EXTENSION OF A WINERY
Nominated for the Mies van der Rohe Award 2017.
Architecture, landscape, vine cultivation and wine production are thought of as a whole in which quality is constantly seeked: an unique approach in order to compose a total work.
The challenge is to insert, in this exceptional and emblematic natural site of the Montpellier region, a productive wine estate and fit in large agricultural buildings.
Thirty years ago, a young agronomist engineer settled in the Pic Saint Loup valley, 20 km away from Montpellier, to create his own vineyard in that site he loved.
The Domaine de l’Hortus agronomists and mICHELE&mIQUEL architects have worked in close collaboration since that time in the pursuit of quality of both architecture and landscape.
It all started with the construction of the original house and winery during the 1980’s and 1990’s.
The domain has grown over time through a long work on the landscape: land clearing that preserved vegetal stripes, careful plotting of the vineyard fields, tracks creation…
In the last few years this association have led to this last construction stage:
- The refurbishment of the existing winery
- The construction of new buildings: a cask maturation cellar, bottles storage and bottling cellar, offices building and the cellar master home.
Banks and tree lines stretch between the vineyard fields and wild meadows throughout the bottom of the Pic Saint Loup valley protected area. The project is organized in a series of « longères» -long narrow buildings- that brush past one another, matching each other and incorporating in these topographical and vegetal linear structures.
They are embedded in the ground on their north side and face the landscape towards the south through a wood slats veil that covers their façades and roofs. The light creates changing effects through that veil according to the sun, the seasons and the hours, making the buildings appear more or less transparent to light and views.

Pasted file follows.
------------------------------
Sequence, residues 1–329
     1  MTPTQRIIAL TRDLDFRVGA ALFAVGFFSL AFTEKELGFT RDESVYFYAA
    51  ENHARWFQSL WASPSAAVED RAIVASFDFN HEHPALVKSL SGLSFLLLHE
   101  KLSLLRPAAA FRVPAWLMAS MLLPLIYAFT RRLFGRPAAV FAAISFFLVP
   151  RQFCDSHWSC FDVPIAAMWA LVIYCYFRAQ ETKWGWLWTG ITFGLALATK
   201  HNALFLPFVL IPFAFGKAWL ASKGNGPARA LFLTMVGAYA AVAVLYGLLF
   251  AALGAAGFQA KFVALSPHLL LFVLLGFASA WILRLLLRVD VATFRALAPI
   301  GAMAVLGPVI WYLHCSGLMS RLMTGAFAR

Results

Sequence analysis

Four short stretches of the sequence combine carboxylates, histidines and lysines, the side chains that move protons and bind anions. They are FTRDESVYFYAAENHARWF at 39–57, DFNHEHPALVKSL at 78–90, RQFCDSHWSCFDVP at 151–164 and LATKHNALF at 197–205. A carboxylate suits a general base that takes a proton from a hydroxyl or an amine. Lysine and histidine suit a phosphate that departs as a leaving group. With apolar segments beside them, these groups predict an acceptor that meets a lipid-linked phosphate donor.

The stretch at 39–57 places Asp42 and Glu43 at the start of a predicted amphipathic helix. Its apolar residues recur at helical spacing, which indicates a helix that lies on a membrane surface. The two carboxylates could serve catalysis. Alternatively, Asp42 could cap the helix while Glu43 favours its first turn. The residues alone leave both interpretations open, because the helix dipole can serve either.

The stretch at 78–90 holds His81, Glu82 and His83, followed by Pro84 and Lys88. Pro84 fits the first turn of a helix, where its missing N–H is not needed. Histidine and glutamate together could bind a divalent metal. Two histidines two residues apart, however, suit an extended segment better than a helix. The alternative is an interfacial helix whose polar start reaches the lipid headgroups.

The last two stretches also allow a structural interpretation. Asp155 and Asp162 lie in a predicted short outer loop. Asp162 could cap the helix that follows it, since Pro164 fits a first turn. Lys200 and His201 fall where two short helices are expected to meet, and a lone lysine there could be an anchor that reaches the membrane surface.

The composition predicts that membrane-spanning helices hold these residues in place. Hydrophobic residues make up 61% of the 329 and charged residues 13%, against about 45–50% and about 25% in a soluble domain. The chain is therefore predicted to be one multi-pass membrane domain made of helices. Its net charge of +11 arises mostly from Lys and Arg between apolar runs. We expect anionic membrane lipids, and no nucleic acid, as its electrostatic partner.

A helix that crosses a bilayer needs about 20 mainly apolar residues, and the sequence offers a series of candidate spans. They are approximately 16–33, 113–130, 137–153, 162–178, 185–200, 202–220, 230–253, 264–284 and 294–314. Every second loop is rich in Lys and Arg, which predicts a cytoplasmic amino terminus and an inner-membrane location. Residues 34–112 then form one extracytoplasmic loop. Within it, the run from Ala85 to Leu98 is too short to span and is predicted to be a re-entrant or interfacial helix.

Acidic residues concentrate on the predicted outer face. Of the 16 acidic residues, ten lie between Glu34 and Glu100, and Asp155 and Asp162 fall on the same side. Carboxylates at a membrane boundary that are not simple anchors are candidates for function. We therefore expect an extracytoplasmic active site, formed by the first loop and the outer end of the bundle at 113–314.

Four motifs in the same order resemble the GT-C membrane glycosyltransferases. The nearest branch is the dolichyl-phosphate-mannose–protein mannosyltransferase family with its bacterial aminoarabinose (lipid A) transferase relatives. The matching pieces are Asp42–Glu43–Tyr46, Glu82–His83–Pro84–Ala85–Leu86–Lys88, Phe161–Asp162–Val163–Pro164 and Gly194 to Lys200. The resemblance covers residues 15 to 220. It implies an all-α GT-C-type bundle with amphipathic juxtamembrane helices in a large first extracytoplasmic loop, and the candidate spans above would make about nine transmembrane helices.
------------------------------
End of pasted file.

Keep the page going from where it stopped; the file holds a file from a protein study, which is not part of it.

This grey wood slats veil has a climatic role -as a sun-shading and a grating that allows the refreshing night air to flow- and contributes to make the project disappear in the landscape : form the top of the surrounding crests the buildings remain invisible.
The project takes the opposite direction from many actual conspicuous winery projects.
Within the pine forest landscape, the whole architecture is built out of timber: structure frame, louvered shade screens that cover the façades and roofs, interior partitions and all the furniture. With age buildings start to assume the grey colour of the pine and oak trunks and blend into the forest.
Two other, almost invisible materials are associated to timber: concrete in the retaining walls and glass that allows deep interior perspectives and vast views towards the landscape.
The structure frame
It is an architecture of portals. Throughout the project they all have the same 7m span, only their height varies depending on the building. They assemble in different ways: in a single row, in one or another direction, turning their back to one another to create wider space. Their geometry comes from the existing building: two pillars and a beam pitched by 36%.These portals support the floors and roofs but also the joineries, doors, and furniture.
As an essential element of the architecture, the structure frame is kept visible, bare, like a building kit. The windows’ frames are placed outside the structure so that only wood and the landscape are visible from inside.